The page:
In 1935, Sherwood’s Tovarich (based on Jacques Deval’s original French play), ran for 414 performances. The following year, Priestley’s Bees on the Boatdeck united Ralph Richardson and Olivier Oliver, but despite this, the show was relatively unsuccessful. Charles the King followed in 1936, receiving a far better reception. Later the same year, King Edward VIII lifted a long-standing ban on the portrayal of Queen Victoria on stage; this allowed the first public performance of Laurence Housman’s play, Victoria Regina. The show ran for 337 performances.
With war approaching, the end of the 1930s saw a transfer of Broadway play Amphitryon 38, and a run of Charles Morgan’s The Flashing Stream.
The war years were sparse for the Lyric Theatre. Nonetheless, some productions did go ahead, including The Nutmeg Tree starring Yvonne Arnaud. In 1943, theatrical impresario Prince Littler took control of the Lyric, presenting Terence Rattigan’s Love in Idleness the following year.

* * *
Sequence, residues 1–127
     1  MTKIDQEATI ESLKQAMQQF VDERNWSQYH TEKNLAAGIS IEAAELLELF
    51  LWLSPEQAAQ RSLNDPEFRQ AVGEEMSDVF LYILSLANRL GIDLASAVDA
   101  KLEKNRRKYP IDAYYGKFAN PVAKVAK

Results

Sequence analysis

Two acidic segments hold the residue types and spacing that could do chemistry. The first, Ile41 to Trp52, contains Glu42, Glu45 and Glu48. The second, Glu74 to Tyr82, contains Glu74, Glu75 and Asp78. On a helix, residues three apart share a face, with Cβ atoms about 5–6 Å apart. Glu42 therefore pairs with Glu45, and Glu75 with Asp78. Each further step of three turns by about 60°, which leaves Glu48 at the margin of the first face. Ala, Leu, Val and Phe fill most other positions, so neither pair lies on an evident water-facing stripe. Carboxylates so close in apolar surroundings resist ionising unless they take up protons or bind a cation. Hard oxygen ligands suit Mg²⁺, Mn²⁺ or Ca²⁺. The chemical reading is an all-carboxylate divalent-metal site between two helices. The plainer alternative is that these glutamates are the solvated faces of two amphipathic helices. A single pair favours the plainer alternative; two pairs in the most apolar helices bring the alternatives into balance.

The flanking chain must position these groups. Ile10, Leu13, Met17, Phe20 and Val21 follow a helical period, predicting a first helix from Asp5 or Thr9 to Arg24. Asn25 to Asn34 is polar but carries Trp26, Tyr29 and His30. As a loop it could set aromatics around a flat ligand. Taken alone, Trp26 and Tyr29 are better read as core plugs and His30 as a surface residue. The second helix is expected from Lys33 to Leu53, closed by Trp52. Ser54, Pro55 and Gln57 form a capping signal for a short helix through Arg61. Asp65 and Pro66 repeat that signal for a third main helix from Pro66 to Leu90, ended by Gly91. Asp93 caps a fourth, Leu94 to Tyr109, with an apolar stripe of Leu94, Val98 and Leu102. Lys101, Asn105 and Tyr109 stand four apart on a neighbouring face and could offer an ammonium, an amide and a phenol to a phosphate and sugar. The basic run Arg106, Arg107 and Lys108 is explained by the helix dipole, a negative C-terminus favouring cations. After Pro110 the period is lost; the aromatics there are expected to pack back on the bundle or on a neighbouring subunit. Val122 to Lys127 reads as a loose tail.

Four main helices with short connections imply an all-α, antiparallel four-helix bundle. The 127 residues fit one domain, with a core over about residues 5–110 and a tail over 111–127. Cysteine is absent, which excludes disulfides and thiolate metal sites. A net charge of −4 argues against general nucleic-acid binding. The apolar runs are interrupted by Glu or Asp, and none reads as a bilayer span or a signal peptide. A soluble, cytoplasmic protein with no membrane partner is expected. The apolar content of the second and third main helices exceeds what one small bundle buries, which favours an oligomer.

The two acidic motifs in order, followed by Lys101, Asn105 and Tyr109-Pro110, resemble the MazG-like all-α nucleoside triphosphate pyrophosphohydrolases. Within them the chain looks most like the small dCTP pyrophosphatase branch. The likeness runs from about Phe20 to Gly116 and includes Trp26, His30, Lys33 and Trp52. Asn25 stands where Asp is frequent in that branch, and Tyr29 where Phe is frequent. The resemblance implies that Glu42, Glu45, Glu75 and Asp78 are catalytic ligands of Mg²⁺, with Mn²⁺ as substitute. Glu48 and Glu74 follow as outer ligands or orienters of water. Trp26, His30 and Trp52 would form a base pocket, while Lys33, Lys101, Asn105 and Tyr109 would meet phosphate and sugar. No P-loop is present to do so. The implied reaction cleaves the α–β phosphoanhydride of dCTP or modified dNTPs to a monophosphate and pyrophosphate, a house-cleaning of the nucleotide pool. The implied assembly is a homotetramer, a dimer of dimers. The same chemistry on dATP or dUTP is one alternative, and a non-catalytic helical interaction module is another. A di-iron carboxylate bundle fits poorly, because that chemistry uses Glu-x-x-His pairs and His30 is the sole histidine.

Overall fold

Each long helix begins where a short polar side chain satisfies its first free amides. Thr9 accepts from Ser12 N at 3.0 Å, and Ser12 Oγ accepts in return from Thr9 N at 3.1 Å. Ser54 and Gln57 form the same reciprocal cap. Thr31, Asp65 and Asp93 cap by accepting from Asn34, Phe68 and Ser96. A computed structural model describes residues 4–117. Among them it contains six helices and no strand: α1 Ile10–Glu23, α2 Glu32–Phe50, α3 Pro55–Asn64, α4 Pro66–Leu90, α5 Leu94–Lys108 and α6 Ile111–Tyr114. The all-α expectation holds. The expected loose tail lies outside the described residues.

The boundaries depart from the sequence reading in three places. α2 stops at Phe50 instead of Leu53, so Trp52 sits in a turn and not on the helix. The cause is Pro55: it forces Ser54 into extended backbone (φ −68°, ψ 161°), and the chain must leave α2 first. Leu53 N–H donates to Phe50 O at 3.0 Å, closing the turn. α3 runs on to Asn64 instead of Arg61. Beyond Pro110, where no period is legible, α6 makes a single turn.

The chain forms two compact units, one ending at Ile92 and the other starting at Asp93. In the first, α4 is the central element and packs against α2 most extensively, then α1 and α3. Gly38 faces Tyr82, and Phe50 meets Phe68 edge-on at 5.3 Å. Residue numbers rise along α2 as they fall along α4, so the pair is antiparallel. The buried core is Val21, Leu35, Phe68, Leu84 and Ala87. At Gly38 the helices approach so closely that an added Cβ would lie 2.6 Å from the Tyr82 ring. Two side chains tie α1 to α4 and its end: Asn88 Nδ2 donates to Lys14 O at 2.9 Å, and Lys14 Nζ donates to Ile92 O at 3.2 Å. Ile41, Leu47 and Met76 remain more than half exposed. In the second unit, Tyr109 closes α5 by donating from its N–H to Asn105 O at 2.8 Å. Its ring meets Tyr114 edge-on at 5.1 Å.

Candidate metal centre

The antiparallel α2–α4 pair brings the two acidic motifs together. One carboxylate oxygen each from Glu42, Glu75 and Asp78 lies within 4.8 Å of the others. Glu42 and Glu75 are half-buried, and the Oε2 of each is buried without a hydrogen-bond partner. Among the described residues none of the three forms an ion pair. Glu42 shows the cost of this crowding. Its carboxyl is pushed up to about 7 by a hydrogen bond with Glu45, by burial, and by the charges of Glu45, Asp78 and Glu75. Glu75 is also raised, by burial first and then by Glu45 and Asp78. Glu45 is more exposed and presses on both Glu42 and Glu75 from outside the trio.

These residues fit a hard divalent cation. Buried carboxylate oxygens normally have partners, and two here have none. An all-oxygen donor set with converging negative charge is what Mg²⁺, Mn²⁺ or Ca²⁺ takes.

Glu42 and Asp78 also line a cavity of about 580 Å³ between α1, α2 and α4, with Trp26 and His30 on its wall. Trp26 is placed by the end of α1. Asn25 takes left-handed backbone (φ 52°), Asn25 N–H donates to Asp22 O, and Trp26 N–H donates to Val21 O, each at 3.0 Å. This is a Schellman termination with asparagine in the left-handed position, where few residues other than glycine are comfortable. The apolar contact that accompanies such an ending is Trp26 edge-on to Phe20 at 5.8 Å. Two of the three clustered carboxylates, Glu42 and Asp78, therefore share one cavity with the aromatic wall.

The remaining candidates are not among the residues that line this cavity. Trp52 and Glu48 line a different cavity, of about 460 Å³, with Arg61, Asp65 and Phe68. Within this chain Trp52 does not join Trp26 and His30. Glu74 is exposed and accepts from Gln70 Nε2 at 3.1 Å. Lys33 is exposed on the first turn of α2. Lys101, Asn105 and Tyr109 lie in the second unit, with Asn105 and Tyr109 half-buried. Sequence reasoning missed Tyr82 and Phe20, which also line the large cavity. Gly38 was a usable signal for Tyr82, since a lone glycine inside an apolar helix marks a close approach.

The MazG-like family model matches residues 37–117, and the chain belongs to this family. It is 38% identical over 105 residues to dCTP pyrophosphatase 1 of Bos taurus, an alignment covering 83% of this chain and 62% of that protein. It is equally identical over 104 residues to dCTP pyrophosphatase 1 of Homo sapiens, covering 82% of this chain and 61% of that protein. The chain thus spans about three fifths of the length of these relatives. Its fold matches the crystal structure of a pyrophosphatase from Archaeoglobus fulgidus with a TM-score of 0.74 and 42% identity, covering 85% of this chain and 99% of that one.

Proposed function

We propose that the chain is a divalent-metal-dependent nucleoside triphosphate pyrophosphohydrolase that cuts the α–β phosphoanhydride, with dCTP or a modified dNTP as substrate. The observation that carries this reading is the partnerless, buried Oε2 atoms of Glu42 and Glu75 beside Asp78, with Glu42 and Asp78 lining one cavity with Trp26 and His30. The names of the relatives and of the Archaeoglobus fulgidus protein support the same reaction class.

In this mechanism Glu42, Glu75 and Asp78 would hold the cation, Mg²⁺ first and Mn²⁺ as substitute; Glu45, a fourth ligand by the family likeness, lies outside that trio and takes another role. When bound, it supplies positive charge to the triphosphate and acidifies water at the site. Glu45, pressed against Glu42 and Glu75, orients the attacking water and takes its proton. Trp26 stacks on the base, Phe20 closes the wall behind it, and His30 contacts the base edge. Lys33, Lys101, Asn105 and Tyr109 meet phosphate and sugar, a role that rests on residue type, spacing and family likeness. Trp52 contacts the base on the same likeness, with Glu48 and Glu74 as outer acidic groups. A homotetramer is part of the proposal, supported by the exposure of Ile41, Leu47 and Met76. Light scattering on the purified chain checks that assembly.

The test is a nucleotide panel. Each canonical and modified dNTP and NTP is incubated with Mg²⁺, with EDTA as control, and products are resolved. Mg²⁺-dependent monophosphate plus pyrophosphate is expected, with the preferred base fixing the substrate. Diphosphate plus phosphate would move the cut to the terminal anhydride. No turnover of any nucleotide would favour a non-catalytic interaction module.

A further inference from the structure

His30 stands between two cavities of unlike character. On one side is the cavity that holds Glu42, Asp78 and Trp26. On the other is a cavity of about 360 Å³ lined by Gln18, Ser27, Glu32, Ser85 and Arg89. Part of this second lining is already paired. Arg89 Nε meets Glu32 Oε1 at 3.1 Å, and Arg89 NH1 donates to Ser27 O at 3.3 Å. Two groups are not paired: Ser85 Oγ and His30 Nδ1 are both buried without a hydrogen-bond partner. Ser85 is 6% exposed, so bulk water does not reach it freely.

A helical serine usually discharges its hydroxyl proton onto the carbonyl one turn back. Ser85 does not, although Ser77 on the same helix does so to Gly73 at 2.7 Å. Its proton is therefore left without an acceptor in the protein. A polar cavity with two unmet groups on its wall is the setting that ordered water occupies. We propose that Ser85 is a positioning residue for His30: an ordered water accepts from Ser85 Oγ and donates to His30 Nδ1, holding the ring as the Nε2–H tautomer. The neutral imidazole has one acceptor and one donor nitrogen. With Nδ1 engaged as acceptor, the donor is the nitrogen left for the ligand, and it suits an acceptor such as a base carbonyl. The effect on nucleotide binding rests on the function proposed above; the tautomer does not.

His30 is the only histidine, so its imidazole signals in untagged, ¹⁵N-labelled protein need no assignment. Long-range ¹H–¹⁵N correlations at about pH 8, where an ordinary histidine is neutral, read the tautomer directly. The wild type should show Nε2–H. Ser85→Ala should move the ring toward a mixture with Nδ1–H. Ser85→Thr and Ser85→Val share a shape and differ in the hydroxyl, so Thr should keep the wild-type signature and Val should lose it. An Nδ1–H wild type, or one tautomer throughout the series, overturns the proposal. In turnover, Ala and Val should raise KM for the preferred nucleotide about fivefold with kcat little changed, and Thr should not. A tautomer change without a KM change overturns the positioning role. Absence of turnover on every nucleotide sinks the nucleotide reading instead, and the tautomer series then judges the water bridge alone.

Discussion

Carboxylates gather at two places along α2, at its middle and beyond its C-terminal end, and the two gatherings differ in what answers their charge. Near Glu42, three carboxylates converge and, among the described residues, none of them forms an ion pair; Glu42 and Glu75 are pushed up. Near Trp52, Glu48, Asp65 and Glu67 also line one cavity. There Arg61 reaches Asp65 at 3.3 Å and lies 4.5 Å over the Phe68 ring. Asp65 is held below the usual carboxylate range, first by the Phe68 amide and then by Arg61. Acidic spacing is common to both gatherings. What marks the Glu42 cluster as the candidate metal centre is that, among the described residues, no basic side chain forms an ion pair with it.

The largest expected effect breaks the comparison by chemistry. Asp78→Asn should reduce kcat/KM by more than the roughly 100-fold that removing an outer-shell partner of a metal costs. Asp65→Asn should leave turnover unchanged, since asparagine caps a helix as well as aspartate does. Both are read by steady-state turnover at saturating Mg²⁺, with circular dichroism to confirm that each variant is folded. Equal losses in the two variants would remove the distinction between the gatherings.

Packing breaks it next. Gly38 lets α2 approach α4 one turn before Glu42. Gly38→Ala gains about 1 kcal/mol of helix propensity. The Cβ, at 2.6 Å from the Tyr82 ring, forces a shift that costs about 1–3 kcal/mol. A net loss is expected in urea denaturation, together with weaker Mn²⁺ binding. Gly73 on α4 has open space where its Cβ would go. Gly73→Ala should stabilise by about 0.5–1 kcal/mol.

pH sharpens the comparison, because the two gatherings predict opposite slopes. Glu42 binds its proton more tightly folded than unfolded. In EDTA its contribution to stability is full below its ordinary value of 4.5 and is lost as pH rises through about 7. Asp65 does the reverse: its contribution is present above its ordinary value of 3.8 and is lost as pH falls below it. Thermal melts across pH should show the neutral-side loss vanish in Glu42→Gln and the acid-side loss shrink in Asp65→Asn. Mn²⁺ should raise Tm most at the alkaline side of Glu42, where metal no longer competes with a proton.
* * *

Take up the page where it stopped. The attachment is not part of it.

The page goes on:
After WWII, the Lyric enjoyed a renaissance, with long runs including another Rattigan play, The Winslow Boy. In 1949, an 18th Century comedy by Irish playwright George Farquar, The Beaux’ Stratagem was revived, starring John Clements and Kay Hammond.
In the 1950s, the Lyric Theatre continued to enjoy success, with plays including Nancy Mitford’s comedy The Little Hut, which ran for several years. Soon after this, T S Eliot’s The Confidential Clerk transferred from the Edinburgh Festival. In the mid-1950s, there were also good runs for Hippo Dancing, My Three Angels and Noël Coward’s romantic comedy, South Sea Bubble, starring Vivien Leigh.
From December 1956, Grab Me a Gondola starred Denis Quilley, running for 673 performances. This was followed by Irma La Douce starring Keith Michell, which opened in July 1958 and ran for an impressive 1,512 performances.
After Irma La Douce closed in 1962, several plays opened and closed in quick succession. Then, success returned with The Wings of the Dove, starring Wendy Hiller and Susannah York, which later transferred to the Theatre Royal, Haymarket.